Hephzibah Faith Missionary Association. This missionary body, centered in Tabor, Iowa, organized in 1893 by Elder George Weavers, subsequently sent over 80 workers to more than a half dozen countries. Around 1950 the work at Tabor, the South African mission, and other parts of the organization united with the Church of the Nazarene.
International Holiness Mission. David Thomas, businessman and lay preacher, founded The Holiness Mission in London in 1907. Extensive missionary work developed in southern Africa under the leadership of David Jones, and the church was renamed the International Holiness Mission in 1917. It united with the Church of the Nazarene on October 29, 1952, with 28 churches and more than 1,000 constituents in England under the superintendency of J. B. Maclagan, and work led by 36 missionaries in Africa.
Calvary Holiness Church. In 1934 Maynard James and Jack Ford, who had led itinerant evangelism (or “trekking”) in the International Holiness Mission, formed the Calvary Holiness Church. On June 11, 1955, union took place with the Church of the Nazarene, bringing about 22 churches and more than 600 members into the denomination. The accession of the International Holiness Mission and the Calvary Holiness Church came about largely through the vision and efforts of Nazarene District Superintendent George Frame.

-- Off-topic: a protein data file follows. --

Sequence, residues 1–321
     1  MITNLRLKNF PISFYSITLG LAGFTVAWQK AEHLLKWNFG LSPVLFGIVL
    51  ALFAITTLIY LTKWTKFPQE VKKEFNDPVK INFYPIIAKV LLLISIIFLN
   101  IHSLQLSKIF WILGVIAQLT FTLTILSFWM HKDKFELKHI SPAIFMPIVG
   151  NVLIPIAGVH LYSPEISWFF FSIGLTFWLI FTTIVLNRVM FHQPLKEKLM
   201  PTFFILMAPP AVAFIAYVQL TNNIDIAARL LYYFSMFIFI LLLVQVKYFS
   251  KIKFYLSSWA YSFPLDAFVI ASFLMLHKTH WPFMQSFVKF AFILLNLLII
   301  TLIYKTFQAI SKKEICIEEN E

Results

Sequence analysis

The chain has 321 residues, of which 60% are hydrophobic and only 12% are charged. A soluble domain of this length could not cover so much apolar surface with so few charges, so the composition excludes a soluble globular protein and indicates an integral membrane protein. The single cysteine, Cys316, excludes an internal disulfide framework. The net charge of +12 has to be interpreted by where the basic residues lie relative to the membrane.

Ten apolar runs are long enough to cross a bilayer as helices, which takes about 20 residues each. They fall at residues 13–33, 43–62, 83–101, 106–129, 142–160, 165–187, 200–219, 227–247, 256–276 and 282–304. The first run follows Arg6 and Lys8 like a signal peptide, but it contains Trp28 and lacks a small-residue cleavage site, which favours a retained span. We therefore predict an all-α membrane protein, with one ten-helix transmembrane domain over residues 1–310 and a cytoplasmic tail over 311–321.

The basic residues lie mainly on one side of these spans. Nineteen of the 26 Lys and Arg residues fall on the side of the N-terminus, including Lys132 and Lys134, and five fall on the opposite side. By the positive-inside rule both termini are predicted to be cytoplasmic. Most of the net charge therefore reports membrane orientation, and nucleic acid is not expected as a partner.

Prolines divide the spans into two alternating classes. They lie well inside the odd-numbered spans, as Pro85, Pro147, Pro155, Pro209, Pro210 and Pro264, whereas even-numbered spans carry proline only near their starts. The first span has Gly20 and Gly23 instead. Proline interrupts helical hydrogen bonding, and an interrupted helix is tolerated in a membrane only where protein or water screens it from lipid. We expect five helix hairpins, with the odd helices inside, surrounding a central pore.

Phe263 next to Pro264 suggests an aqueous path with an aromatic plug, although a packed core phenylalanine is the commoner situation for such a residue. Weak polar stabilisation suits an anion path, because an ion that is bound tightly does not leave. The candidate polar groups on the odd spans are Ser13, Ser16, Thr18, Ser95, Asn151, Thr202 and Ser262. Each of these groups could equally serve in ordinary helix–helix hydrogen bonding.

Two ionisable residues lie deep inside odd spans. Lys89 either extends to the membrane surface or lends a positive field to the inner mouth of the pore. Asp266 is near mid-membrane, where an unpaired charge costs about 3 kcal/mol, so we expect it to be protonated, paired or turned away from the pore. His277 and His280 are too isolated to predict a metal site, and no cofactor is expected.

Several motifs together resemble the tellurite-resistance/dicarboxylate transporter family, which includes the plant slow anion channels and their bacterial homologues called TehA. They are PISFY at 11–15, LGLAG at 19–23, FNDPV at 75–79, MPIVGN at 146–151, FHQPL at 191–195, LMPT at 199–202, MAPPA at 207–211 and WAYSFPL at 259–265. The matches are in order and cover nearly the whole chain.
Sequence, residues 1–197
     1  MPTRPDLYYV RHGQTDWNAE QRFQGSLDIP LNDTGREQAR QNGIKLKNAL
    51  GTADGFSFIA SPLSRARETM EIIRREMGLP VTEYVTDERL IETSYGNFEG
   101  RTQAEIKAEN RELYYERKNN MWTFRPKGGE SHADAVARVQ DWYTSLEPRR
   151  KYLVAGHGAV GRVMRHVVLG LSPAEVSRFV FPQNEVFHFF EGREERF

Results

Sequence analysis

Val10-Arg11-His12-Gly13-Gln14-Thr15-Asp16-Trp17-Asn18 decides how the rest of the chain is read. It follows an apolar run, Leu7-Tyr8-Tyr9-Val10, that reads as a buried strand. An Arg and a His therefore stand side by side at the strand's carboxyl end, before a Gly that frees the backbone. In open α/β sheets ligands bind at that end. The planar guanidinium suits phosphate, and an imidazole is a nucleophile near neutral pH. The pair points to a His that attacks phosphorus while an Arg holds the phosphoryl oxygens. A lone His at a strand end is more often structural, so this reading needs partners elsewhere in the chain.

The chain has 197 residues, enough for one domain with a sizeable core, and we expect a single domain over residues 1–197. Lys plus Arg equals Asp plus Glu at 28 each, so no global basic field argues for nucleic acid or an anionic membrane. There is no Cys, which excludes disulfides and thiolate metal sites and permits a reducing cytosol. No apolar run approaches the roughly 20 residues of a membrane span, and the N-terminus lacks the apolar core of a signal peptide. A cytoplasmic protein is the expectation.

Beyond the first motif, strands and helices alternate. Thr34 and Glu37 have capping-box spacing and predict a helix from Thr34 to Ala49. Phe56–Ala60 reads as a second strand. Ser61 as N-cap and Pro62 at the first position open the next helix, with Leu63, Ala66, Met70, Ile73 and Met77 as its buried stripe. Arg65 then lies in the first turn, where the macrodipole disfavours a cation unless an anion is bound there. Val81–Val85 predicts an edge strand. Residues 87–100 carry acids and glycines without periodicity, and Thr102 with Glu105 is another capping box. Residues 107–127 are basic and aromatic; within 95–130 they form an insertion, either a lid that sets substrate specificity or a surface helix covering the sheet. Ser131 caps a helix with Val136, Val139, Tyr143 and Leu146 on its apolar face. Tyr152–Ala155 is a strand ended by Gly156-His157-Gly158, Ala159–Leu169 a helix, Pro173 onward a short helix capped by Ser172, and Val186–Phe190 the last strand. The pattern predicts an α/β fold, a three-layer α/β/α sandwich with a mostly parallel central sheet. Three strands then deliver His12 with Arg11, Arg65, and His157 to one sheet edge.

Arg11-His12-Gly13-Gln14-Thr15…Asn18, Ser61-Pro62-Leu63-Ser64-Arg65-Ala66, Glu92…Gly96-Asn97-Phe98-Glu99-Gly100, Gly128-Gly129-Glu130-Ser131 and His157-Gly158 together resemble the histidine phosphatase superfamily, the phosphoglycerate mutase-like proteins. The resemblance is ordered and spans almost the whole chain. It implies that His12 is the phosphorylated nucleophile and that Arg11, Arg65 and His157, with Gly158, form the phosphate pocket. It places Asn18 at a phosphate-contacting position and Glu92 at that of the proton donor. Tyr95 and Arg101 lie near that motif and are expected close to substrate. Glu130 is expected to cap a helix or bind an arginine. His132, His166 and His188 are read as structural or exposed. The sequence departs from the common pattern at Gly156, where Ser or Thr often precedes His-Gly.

Gospel Workers Church of Canada. Organized by Frank Goff in Ontario in 1918, this church arose from an earlier group called the Holiness
Workers. It united with the Church of the Nazarene on September 7, 1958, adding five churches and about 200 members to the Canada Central District.
Church of the Nazarene (Nigeria). In the 1940s a Wesleyan-Holiness church was organized in Nigeria under indigenous leadership. It adopted the name Church of the Nazarene, deriving its doctrinal beliefs and name in part from a Manual of the international Church of the Nazarene. Under the leadership of Jeremiah U. Ekaidem, it united with the latter on April 3, 1988. A new district with 39 churches and 6,500 members was created.